Go to the Globe and Mail homepage

Jump to main navigationJump to main content

One form of texting fraud entices the user by promising a free gift card, cruise or vacation. (J.P. Moczulski for The Globe and Mail)
One form of texting fraud entices the user by promising a free gift card, cruise or vacation. (J.P. Moczulski for The Globe and Mail)

Hold the phone: Text message scams surge 600 per cent Add to ...

Experts are warning cellphone users after record-high reports of British Columbians being tricked by text message scams.

Texting-related hoaxes jumped 600 per cent in 2012 from the previous year, while B.C. residents racked up $7,700 in losses, according to the Canadian Anti-Fraud Centre.

Mark Fernandes, with B.C.’s Better Business Bureau, said the situation is alarming.

More Related to this Story

“Previous to last year there wasn’t very much activity at all, and then all of a sudden we’re seeing a huge spike,” said Mr. Fernandes.

He chalked the increased number of cons up to a growing number of smartphone users as well as a rise in people accessing social media websites.

“Look up companies, see what the reviews are if you’re thinking of downloading any apps,” Mr. Fernandes advised.

“Most of the time [free stuff] probably is a scam unless you’ve signed up for a specific contest with a retailer. It’s not that they just randomly select people who have never shopped there or never signed up for a specific contest.”

Manjit Bains, who works with Consumer Protection BC, said there are several kinds of text message scams.

One form of fraud entices the user by promising a free gift card, cruise or vacation. The person must click a link and fill out personal information to claim what they are lead to believe will be their prize.

“People’s emotions can run pretty high, especially in the winter months,” Ms. Bains said. “So people are pretty excited in those situations and start clicking things.”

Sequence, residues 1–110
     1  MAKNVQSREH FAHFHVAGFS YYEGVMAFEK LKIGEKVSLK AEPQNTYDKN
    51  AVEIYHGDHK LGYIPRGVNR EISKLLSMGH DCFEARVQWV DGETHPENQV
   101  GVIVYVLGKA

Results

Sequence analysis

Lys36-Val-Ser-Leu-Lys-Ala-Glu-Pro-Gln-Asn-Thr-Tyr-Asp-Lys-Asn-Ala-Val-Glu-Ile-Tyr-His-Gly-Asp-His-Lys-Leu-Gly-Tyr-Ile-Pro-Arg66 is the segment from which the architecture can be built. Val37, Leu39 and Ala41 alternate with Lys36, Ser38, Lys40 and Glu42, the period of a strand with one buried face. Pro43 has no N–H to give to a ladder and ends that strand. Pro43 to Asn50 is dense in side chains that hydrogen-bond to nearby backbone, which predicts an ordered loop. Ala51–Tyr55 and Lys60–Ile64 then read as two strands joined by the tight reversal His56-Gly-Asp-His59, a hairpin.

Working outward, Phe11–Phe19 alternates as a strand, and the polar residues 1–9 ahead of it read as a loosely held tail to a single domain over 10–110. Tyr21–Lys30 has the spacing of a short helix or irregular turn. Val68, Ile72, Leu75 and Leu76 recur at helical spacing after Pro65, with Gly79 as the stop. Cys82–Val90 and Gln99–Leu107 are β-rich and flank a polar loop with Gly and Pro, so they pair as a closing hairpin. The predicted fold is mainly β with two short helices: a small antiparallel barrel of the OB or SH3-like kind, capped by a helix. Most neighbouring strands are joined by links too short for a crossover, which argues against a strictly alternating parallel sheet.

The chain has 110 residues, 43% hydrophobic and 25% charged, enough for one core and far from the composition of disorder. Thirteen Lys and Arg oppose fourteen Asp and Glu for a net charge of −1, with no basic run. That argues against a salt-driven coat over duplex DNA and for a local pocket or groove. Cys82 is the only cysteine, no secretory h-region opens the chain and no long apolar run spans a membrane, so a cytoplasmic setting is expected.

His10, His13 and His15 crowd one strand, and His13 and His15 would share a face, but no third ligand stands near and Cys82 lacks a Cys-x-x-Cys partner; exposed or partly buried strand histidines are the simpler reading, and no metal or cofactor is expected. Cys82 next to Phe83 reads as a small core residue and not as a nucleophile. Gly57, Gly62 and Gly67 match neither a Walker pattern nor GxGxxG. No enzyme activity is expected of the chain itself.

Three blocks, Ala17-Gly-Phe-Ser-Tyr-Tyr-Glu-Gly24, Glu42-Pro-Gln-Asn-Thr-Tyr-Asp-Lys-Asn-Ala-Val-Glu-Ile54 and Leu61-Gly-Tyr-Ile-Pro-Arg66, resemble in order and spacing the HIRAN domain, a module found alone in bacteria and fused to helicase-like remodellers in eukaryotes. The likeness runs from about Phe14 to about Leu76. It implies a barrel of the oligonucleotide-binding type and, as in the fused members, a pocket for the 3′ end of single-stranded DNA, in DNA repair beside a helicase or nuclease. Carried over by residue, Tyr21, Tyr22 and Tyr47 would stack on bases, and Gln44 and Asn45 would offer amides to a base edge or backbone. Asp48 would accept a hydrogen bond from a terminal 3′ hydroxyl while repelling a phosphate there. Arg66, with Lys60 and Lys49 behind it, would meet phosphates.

She said another common con occurs when messages come from a seemingly official source, asking the user to reply or take some kind of action that will ultimately prove to the scammer that the phone number is active.

“Others can just be all over the map,” said Ms. Bains. “They can be related to some gaming information or other things where they’re just trying to pique your interest and they want to get a reaction from you.”

She said the best thing to do is nothing at all — don’t click anything and forward the message to 7726 (SPAM on most keypads), which will notify the cellphone provider to block future messages.

“You immediately get into this mode of ‘oh my gosh, this is serious, right? I better do something because I want this to stop,’” Ms. Bains said. “Before you know it you’re in a whirlwind.”

Mr. Fernandes said people often wonder how they got on the “sucker list.”

According to him, scammers often find cellphone numbers on Facebook or use computer programs that randomly generate phone numbers and send out text messages.

He said organized crime is sometimes to blame, but often scammers are just Internet savvy.

“Recently, technology is making it more feasible for scammers to reach out to wider audiences.”

The federal government passed anti-spam legislation in 2010 that is not yet in place, but will eventually prohibit any electronic messages sent without a recipient’s consent, including text messages.

It will also allow for investigations into anyone who appears to break the new law.

Meanwhile, the American Federal Trade Commission is cracking down on text message scammers.

The FTC announced in early March that it charged 29 people for sending over 180 million unwanted texts.

Follow us on Twitter: @GlobeBC

 

In the know

Most popular video »

Highlights

More from The Globe and Mail

Most Popular Stories